2. Mike, I’ve long had a fondness for leaf shutter slr’s since acquiring my first, the original Kodak, cheaply from a local camera store and came “as is”. It worked fine for a while but then the mirror locked up. In those days I was more than happy to mess with cameras, but with this one I got hold of a copy of the service/repair manual and proceeded to strip it down. This really showed how complicated the workings were. I did manage to get it going but I suppose lacking the proper tools I was doing as much damage as I was correcting for and it got to the point of being a nice paperweight!

    Undeterred, later I started to acquire some nice, late model, Contaflexes and a few Pro-Tessars. I have four now. All these still work well, the only failing is that on only one does the meter still function. I suspect that Zeiss thought of these as kid brother to Contarex in that they produced interchangeable film backs for them. How cool is that?

    Later acquisitions are the Voigtlander Bessamatic II, aka de luxe (and which is my personal favourite by far) with Septon, Skoparex, Skopar-X and Dynarex, all in virtually mint condition, a Retina Reflex III + three lenses, an Agfa Colorflex, Rollei SL26, and the latest buy, a Topcon Wink Mirror S.

    Agfa go to the expense of interchangeable v/f’s but then equip it with the three element Apotar. For such an otherwise excellent and well built camera, a Solinar at the very least would have been warranted. The little Rollei is quite a cutey with its chunky build and a bit of an eye opener with its large square v/f image. The difference in build quality of the Topcon is very noticeable and simply doesn’t compare with the German models. However, it came in very cheaply with a nice 35mm lens and duff meter. Otherwise, it is quite usable.

    1. I never really started out specifically looking to collect leaf shutter SLRs, but a combination of them often having designs that are a lot more distinct than the hordes of generic Japanese focal plane shutter SLRs that were made over the years, plus the addicting sounds they make when the shutter fires (and works), they just seemed to flock to me. It sounds like you have had the same experience. I have many of the same models you do, including the Topcon Wink Mirror S, plus a few other interesting ones like the DeJur SR, Pentacon Pentina, and Nikkorex Auto 35 (none of these three work). I ALMOST had a chance to pick up a Royer Savoyflex but things didn’t work out. I still find them interesting, but my success rate with them is very low so I try not to seek them out anymore.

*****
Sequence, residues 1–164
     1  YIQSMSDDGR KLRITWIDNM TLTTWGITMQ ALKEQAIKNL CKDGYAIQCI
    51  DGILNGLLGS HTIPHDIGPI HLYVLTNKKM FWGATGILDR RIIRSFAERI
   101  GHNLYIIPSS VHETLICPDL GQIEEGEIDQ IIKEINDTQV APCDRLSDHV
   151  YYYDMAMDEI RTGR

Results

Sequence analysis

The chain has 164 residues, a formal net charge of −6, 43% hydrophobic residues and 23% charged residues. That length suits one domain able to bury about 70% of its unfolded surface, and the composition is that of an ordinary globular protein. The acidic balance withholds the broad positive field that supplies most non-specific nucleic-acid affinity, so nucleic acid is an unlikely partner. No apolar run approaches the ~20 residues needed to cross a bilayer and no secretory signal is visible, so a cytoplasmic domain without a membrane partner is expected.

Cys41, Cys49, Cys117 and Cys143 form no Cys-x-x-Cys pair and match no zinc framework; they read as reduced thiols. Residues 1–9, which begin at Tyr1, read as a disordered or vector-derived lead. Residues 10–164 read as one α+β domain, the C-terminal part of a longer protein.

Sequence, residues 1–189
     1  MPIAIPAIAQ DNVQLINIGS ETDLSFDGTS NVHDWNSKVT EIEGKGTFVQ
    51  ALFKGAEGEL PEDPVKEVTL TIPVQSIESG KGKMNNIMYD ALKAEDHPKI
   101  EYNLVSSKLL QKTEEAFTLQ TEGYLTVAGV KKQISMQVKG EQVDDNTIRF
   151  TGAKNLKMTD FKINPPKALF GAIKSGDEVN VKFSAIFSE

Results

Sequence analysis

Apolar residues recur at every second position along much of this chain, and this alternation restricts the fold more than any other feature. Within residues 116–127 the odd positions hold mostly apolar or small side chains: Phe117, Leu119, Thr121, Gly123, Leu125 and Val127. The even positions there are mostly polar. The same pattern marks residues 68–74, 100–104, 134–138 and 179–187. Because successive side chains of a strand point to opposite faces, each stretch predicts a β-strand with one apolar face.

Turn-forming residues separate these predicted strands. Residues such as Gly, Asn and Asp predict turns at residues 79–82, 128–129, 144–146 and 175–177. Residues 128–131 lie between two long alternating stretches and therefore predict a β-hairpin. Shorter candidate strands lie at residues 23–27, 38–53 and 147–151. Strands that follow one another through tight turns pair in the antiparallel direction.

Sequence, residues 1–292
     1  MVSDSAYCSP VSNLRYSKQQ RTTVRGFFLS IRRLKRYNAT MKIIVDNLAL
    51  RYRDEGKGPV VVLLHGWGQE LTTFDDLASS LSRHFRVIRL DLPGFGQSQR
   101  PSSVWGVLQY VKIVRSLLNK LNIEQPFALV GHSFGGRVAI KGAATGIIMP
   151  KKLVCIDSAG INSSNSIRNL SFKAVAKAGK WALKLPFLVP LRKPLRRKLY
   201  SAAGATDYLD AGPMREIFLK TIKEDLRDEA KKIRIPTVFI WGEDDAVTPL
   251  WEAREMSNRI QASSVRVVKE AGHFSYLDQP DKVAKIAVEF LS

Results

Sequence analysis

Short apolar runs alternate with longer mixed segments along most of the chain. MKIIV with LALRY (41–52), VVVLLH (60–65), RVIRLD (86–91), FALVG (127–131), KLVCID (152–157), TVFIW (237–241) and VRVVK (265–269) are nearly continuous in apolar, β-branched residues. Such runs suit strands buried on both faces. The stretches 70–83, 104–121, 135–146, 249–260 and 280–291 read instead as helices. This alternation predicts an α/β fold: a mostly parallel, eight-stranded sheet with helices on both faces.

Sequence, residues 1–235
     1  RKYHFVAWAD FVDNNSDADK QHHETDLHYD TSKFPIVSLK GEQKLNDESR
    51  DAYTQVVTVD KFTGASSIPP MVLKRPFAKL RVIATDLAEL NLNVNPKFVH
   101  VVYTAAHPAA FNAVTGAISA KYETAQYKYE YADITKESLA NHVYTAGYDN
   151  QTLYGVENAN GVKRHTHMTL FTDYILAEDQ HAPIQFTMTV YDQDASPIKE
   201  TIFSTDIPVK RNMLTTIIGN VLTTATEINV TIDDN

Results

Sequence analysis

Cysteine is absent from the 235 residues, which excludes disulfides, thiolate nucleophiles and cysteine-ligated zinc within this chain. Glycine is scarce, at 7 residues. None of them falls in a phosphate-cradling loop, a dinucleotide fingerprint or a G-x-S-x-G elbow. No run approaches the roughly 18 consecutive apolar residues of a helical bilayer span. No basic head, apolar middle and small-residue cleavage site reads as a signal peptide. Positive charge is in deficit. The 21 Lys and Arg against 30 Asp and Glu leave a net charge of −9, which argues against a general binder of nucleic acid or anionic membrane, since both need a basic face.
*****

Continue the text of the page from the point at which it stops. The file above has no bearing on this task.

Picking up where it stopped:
3. “Another benefit to leaf shutters, is that at their fastest speeds, they can introduce a rolling effect…” This is by no means a benefit, nor is it a property of leaf shutters, so this should really read, “Another detriment of focal plane shutters, is that at their fastest speeds, they can introduce a rolling effect in which the subject being photographed moves in the short period of time when the shutter first begins to open and when it completely closes… With a leaf shutter, the image is exposed from the center out, eliminating this effect.”

    Also, the reason the last sentence is true is because a leaf shutter is not in the focal plane, so it acts as a second aperture, which can be a little odd when approaching the top shutter speed of a given camera (or lens in the case of lenses that contain the leaf shutter, as occurs in medium format cameras), because it will effectively pass through several different apertures as it opens and closes. This is explained well by the answers given by Olin Lathrop and also Roger Kreuger on the Photography StackExchange: